Ballard sells first fuel cell propulsion systems for civilian drone application

UA Alpha drone, FlyH2 Aerospace’s flagship remotely piloted aircraft. Image: CNW Group/Ballard Power Systems Inc.

Vancouver’s Ballard Power Systems has sold its first fuel cell propulsion systems for civilian drone application, for uses such as monitoring of physical infrastructure like pipelines, roads and bridges.

Ballard’s Southborough, Massachusetts-based subsidiary Protonex received an initial order this week for its fuel cell propulsion system, together with design services, from FlyH2 Aerospace, a South African-based developer of hydrogen fuel cell powered unmanned aerial vehicles (UAVs) for commercial applications.

FlyH2 plans to integrate the Protonex fuel cell system into all three of its aircraft now in the development pipeline, beginning with the UA Plant prototype drone, followed by its UA Alpha flagship aircraft. UA Plant is expected to be a 30 kilogram (66 pounds) fuel cell-powered agricultural utility aircraft with nine-hour flight endurance.

UA Alpha will be a long-range, long-endurance survey and reconnaissance aircraft designed to carry advanced sensors. With a wingspan of 8.2 metres (27 feet) and maximum cruising altitude of 4,250 metres (14,000 feet) and a flight distance of more than 600 kilometres (370 miles), it will survey environmental variables used in the management of fires, pollution, erosion, alien vegetation and plant diseases.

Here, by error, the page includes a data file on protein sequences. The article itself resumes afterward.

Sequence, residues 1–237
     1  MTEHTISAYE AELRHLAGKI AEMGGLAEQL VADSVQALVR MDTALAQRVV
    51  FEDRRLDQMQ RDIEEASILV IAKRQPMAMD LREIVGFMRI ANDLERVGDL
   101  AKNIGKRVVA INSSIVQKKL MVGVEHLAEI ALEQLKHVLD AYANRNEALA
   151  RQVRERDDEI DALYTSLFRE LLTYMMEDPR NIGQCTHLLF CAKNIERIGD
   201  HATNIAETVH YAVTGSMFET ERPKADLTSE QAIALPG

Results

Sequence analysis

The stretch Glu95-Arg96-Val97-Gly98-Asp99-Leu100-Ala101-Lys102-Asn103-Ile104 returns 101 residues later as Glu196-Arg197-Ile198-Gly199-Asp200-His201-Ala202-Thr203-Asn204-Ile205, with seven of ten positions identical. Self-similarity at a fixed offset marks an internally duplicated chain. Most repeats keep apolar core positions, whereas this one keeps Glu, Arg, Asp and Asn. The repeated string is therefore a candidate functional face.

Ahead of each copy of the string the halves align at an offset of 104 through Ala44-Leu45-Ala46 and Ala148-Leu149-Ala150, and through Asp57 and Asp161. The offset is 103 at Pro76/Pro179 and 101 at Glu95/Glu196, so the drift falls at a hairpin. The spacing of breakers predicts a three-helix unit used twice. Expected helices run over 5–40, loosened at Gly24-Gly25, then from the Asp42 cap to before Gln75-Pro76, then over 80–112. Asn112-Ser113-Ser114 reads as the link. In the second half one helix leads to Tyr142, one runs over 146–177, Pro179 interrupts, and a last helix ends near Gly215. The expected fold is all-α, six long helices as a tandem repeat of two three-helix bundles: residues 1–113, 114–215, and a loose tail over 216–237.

FlyH2's third drone, the UA Gecko, is being designed to monitor physical infrastructure such as pipelines.

“When combined with improved reliability and other advantages over internal combustion systems, fuel cells are proving to be a high value fit for UAVs. These will be the first civilian drones that we have powered, in addition to our work on military UAVs with several global aerospace customers," Paul Osenar, president of Protonex said in a statement.

Fuel cell propulsion systems allow for endurances comparable to an internal combustion engine but with several added benefits, said Ballard, including silent operation, increased reliability, lower vibration and less maintenance. The total cost of ownership is also expected to be lower and the aircraft will only require one fuel stop per day for all-day operations.